Whenever a medical procedure is suggested to you (barring a severe medical emergency), it is your right to have the procedure, the possible side effects, financial responsibility, and recovery time explained to you thoroughly! Ask as many questions as you need to feel comfortable and safe with going through with (or not) the procedure. This is where things started to go south with Dr. Dumb Dome; he wasn’t a fan of my informed questioning. TIP: I always recommend asking your medical provider if there are any less invasive alternatives before jumping into bed with any procedure. Sometimes doctors are procedure happy and forget to mention that there are other simpler interventions.
Right to refuse!
You have the right to refuse treatment. Whatever your reason may be, you have the right to say NO! (This includes comfort level, religious, or spiritual beliefs) We exercised my right to refuse medical care from Dr. Cabesa Stupido, because we did not feel safe or comfortable with him providing my care, which was the best decision we could have made.
You medical information is only to be shared between you and your medical professional treatment team. Legally, they are bound to keep your information and identity private unless your or someone else’s life is in danger. You may choose to sign the necessary documentation for releasing your medical information to another person if you desire (this includes other medical professionals outside of the hospital, friends, or family members).
Questions about your bill!
It is your right to inquire how your treatment will be paid for. It is the hospital’s responsibility to make sure your procedure is correctly submitted to your insurance, and support you with financial counseling to set up payment arrangements if you are unable to pay comfortably. It is also required that the hospital be able to provide you with a detailed bill and answer any questions related to it.
Know your doctors!
You have the right to know the identity of all your medical providers. This means you have the right to know their names, and if they are students, or the chief of surgery, and everything in-between.
Follow up care
The hospital is required to provide you with the necessary information you need for aftercare. This means that if you should be following any necessary precautions, diets, or follow up appointments the hospital must clearly inform you of this. They should also provide you with a list providers who accept your insurance for follow up care.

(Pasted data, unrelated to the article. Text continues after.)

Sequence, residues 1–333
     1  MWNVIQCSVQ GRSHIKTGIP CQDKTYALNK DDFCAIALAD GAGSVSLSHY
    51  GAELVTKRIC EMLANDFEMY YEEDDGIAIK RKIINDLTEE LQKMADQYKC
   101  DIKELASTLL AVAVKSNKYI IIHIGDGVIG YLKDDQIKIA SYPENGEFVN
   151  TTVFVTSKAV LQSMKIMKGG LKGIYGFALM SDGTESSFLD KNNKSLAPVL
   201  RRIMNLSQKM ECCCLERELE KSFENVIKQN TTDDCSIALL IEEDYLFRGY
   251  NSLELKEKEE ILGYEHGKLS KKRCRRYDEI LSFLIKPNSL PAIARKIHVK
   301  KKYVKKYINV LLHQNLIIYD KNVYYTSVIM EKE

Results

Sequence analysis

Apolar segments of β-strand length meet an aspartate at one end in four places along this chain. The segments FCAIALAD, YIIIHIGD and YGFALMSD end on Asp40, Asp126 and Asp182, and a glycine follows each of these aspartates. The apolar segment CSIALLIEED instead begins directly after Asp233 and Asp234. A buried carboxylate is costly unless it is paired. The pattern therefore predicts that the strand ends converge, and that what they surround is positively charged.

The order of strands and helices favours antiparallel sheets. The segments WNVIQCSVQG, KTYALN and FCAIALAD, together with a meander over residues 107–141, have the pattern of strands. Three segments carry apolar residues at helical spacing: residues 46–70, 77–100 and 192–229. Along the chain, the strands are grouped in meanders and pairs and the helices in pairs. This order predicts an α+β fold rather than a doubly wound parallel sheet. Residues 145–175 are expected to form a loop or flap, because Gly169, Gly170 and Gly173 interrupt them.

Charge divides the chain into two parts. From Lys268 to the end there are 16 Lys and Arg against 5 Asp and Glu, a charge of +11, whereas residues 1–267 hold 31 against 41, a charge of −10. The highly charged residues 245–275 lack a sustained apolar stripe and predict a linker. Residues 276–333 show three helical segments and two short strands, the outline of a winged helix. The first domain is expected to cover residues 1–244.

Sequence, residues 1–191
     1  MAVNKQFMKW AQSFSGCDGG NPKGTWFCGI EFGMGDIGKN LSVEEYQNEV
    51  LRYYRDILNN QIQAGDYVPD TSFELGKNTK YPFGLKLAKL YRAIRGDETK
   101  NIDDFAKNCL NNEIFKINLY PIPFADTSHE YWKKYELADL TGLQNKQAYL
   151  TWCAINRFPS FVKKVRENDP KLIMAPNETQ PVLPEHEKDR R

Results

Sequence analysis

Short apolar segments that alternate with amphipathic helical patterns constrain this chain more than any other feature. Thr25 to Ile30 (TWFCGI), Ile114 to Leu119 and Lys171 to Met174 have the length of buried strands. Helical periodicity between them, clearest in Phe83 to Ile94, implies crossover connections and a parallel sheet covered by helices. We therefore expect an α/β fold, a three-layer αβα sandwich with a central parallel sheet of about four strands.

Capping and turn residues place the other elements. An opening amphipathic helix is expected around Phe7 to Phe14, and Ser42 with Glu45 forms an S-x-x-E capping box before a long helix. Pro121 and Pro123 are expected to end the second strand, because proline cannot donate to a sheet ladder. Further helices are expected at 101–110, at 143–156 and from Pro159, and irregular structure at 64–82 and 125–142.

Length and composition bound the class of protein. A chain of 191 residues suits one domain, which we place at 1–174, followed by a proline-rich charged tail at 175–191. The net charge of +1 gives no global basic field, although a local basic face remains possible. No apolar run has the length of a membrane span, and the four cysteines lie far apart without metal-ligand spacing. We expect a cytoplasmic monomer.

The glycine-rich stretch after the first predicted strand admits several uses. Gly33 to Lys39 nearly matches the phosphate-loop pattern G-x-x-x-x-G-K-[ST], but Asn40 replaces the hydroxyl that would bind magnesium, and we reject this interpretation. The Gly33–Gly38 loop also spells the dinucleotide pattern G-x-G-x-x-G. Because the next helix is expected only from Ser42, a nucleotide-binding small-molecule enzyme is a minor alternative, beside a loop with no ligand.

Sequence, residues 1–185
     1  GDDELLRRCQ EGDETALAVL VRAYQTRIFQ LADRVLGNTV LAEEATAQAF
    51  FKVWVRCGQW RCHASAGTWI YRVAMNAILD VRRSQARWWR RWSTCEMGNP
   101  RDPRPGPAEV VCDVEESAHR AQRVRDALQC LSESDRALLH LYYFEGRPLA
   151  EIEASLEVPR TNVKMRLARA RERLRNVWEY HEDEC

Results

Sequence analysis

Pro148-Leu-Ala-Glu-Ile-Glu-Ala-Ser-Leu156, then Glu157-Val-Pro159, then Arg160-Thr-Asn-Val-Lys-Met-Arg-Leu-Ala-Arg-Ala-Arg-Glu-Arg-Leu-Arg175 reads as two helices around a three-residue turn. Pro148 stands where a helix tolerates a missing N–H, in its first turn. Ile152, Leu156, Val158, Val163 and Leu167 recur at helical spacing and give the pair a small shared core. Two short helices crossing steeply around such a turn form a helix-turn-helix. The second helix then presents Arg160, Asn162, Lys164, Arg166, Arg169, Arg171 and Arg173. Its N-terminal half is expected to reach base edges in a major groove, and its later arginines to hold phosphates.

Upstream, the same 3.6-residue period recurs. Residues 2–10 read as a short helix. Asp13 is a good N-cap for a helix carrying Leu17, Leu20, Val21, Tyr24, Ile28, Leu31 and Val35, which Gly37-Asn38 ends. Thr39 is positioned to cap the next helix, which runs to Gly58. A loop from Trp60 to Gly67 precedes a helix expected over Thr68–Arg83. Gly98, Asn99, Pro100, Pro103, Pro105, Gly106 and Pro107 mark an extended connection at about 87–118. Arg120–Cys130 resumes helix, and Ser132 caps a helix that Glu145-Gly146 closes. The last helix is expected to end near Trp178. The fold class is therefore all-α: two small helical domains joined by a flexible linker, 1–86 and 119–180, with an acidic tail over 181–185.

Now that you know what your rights are as a patient, it is equally as important to know your responsibilities! If you do not provide the necessary information, your medical team cannot give the appropriate care.
What you need to know about your responsibilities as a patient:
Your medical Information
You must provide your medical team with all necessary information that may impact your medical care. Be prepared to provide a list of your medications, past surgeries, and family medical history.
It is your responsibility to express your desires and wishes. If you would like to have a natural birth, it is important for your entire medical team to know this. If you have religious beliefs that impact your treatment, make sure your providers know this ahead of time.
Also, it is your responsibility for your team to know who is to make decisions on your behalf if you are unable to speak for yourself. This is a scary thing to think about, but make sure your team knows this. More importantly, make sure your supports know your wishes and how you would like to be treated if you are unable to speak for yourself. It might also be a good idea to have a release of information on file with the hospital for your support people, just so that there is no confusion on what your medical team can discuss with them.
While the hospital has to follow their rules and regulations in relation to your care, please take responsibility into your own hands as well. Be a self advocate. Be prepared to stand up for yourself and make your wishes known! Because I feel so passionately about this, I have created a FREE PRINTABLE for Memoirs of a Mama Bear subscribers to help be prepared to advocate for yourself when in a hospital. I will be sending an email to my current subscribers with a password to the Subscriber Exclusives Page soon. If you subscribe today, you will receive the password in your welcome email!